Jason and his Argonauts, on their way to get the Golden Fleece, chanced upon the island of Lemnos, where the women “maddened by jealousy, had slain all their men folk, and, now vainly repentant, hailed the newcomers as husbands for their defenceless need.” Quite a problem there. Hercules saved the Argonauts from these desperate women. But the problem remained.

If these women had decided to continue without men, the island would in due course, have been devoid of all human habitation. But if the women had desired not only to live on the island but to perpetuate the human race on it, they needed to have children. But where to find males to help out?

Immigration from other islands was no solution, as the Aegean islands do not have spare land. Ordinary passenger ships visiting Lemnos would not be too frequent and, anyway, travelers do not usually abandon ships to settle on strange islands. Some unmarried men may go ashore looking for entertainment. But the resultant pregnancies were not likely to contribute effectively to raising to male population to a satisfactory level.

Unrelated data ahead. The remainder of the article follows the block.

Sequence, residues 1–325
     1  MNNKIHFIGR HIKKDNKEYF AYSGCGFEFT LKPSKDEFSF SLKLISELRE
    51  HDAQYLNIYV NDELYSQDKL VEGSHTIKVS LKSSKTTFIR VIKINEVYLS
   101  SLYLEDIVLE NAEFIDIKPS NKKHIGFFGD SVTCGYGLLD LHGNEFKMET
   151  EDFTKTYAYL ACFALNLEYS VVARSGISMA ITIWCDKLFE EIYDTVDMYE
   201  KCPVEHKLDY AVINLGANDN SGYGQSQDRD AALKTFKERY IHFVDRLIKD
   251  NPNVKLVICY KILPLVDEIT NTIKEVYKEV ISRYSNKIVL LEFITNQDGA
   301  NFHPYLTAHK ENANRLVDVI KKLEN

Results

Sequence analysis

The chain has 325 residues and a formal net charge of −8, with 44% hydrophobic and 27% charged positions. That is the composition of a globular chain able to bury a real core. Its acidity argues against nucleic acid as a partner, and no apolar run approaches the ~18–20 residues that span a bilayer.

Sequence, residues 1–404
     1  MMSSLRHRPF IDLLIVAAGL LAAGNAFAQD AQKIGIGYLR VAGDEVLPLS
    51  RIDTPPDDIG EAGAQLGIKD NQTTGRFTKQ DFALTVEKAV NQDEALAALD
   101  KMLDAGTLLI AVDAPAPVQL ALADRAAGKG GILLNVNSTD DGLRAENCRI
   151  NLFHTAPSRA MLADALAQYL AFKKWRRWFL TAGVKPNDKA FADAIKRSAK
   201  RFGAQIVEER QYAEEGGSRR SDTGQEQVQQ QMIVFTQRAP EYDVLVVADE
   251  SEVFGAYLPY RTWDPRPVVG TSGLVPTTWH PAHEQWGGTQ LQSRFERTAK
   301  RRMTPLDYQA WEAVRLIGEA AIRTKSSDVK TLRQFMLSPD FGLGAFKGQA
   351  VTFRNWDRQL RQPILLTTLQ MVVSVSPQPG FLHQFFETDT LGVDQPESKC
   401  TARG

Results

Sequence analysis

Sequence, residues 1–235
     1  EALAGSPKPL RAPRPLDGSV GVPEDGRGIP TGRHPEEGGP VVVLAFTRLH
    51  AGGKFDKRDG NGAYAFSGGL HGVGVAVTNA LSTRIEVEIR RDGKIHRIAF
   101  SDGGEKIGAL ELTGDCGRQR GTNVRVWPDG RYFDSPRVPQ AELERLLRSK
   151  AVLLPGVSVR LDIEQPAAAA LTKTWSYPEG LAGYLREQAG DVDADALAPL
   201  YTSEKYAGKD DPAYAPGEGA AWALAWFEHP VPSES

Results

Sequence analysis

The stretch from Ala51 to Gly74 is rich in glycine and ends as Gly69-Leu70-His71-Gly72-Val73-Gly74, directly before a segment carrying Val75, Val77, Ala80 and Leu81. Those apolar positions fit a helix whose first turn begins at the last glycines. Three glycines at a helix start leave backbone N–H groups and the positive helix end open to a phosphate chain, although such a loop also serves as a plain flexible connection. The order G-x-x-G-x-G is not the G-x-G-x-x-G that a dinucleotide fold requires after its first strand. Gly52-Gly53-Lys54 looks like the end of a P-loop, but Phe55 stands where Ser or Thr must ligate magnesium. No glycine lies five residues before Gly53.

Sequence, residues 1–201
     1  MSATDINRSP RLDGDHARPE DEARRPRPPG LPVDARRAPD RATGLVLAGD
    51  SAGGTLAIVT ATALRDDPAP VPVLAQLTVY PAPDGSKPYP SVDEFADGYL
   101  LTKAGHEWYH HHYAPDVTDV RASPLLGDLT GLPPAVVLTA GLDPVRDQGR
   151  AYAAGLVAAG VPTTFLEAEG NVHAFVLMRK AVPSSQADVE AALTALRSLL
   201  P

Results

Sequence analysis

Ship-wrecks would be more helpful, provided the men, but not many women, were saved. However, ship-wrecks are not frequent even on very busy shipping lanes. So it appears that these poor women, who had killed all their men in a fit of jealousy, were destined to pass away as vestiges of homo sapiens.

It would appear that the only solution would be the import of male slaves. But slavery had not yet started in that period of pre-Classical Greece, ie, when the ladies of Lemnos committed anthrocide.

Engels marks the beginning of civilization with the introduction of slavery ie following the appearance of a surplus product, when the man began to produce a little more than what was necessary to keep body and soul together, as this made exploitation possible.

Greece, with its constricted valleys, could not have extensive farms. But, through intensive labour, it produced high-value goods like lives and handicraft products however, its internal market was small. So it could realize the surplus value contained in the products only through trade with the Mediterranean’s eastern see board. And, since this sea-board was at the same technological and cultural level as Greece itself, the latter could not obtain slaves from its neighbourhood. They were bought from the northern coast of Black Sea, the modern Ukraine. (Hence the story of the Golden Fleece). This traffic was not developed, as the slave-market had not yet grown around the Aegean. Since the lonely women of Lemnos had neither the economic resources nor the military strength to send an expedition to Ukraine to capture slaves, this commodity was out of their reach.

The lesson is that, whatever the intensity of competition among the women for the available males, they should seek a solution short of their extermination.

The writer is a retired ambassador.